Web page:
It’s hard to be a caring member of society when you’re standing in line.
The frustration begins when I turn into the parking lot and can’t find a spot. I park in the additional parking lot, walk to the doors of the tax office and my scowl becomes a little more pronounced when I see a line already formed in front of the two clerks on duty.
I’m fifth in line, which feels promising until I see how long each person takes with the clerks. And then as more people line up behind me, one of the clerks leaves her desk. Now there are 15 people in line, and one person to help them all.
As the cliche goes, that’s the government for you.
I’m at the tax office to get my car title transferred to my name, but I start entertaining wild thoughts. I don’t really need a car that bad. Atlanta’s public transportation system is abysmal, so I would have to walk to work along the highway, but the sense of danger would provide a real adrenaline boost. No need for caffeine.
I decide this option wouldn’t work because I would probably be kidnapped by a pack of squirrels driven rabid by car exhaust.
I break out of my train of thought as the older, serene security guard calls out, “Next!” I move up in line.
Lines don’t seem like they should be legal. This is under cruel and unusual punishment, isn’t it? I’m pretty sure they don’t make people stand in lines in Third World countries or whatever.
I start to turn my angst against the other members of the line. Why does this man in front of me keep turning back to look at me? Eyes forward, and attempt not to think of the boredom. I’m trying to figure out what’s going on with this couple a few people behind me. The man is in his mid-20s, but the woman whose forehead he kissed must be in her mid-40s. And now the man is putting his arm around her.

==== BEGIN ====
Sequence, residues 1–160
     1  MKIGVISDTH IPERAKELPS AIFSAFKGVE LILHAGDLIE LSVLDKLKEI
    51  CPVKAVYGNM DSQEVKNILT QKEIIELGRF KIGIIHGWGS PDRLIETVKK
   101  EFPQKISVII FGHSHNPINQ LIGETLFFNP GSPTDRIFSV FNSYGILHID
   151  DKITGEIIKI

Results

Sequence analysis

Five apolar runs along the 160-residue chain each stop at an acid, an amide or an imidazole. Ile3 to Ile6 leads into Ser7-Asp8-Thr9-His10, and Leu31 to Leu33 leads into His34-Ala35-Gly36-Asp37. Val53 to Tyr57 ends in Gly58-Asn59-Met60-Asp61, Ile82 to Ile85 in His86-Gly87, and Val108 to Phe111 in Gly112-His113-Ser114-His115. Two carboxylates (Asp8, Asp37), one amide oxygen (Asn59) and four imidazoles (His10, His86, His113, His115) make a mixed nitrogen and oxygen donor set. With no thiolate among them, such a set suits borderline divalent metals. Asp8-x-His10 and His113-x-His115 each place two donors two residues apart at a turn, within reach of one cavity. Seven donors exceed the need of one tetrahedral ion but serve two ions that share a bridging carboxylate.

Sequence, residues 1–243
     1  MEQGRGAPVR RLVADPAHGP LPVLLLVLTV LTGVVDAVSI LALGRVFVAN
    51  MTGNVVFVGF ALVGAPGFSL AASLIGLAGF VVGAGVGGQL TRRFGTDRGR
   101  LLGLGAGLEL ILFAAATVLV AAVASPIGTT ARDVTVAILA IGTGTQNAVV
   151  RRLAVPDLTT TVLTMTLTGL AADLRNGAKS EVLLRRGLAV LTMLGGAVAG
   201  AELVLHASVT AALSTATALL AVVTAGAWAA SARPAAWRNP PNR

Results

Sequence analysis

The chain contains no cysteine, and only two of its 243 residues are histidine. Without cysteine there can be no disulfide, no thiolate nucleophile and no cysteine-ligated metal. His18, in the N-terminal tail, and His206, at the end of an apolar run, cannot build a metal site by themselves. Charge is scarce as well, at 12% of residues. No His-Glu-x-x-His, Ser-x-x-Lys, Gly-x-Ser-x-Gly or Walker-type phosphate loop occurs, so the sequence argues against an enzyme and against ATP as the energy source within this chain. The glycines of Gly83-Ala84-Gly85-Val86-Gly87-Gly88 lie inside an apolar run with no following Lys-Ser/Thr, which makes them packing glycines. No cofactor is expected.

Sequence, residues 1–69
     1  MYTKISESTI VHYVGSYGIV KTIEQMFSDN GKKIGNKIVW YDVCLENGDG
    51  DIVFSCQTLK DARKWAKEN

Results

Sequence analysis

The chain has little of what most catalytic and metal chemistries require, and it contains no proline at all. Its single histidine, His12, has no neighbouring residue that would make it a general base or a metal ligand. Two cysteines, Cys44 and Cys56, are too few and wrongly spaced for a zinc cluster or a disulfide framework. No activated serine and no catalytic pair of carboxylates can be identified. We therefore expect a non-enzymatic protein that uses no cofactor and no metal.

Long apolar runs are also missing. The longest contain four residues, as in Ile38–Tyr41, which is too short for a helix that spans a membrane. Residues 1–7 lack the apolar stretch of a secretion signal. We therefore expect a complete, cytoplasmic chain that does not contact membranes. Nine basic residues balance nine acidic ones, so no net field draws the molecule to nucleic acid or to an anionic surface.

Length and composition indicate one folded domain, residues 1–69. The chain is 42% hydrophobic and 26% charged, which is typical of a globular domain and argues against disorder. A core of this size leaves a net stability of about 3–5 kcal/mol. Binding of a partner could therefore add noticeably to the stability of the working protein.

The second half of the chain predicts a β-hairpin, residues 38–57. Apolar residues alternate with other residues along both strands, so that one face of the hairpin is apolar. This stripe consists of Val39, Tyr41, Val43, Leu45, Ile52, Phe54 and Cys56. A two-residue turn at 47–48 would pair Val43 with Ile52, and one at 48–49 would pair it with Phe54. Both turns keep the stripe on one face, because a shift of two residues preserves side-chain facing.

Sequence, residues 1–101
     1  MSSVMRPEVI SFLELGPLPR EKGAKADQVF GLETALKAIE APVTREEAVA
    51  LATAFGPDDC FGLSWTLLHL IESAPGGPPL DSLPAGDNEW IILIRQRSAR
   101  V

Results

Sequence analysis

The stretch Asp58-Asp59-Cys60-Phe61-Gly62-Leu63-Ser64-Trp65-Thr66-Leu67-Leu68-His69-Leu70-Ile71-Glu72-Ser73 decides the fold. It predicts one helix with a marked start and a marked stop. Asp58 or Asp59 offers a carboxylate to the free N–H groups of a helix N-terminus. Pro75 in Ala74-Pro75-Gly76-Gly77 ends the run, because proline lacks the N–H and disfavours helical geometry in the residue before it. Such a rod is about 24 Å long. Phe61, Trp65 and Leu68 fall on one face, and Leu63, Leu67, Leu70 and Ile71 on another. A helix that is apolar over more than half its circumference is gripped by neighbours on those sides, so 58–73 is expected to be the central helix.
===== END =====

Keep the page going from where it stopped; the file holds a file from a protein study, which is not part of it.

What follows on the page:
Standing in line really does make me a terrible, judgmental person. I tell myself it really isn’t so bad to stand in this line. At least I have a car, and I don’t have to come here every day and deal with cranky people (like me) as the employees must.
But these moments of lucidity are trumped by my feelings of boredom.
I think the most depressing aspect of standing in this line is the look on people’s faces when they walk through the glass doors, and the guard tells them the end of the line snakes around that wall over there. The people start out so hopeful, and then their eyes get a fevered, annoyed look when they see how the line continues.
After what seems like ages — though realistically, it was more like 20 minutes — it’s my turn with the clerk. Ha ha! I give a triumphant look to my line-mates. See you on the other side!
I give the clerk my paperwork, which is held together by a paperclip. I never have my documents together so nicely, so I’m pretty happy with how this looks. I’m about to be done with this drab office.
She breaks that dream when she asks where my notarized affidavit is. What? Yes, I need to get an affidavit signed by the car’s owner and notarized. This document wasn’t online with all other ones. I leave the office, defeated and knowing I will have to get the affidavit and stand in line again.
I sit on the bench outside and gaze at the line as more people walk through the glass doors, making the train of people longer and longer, like some cruel game of Snake.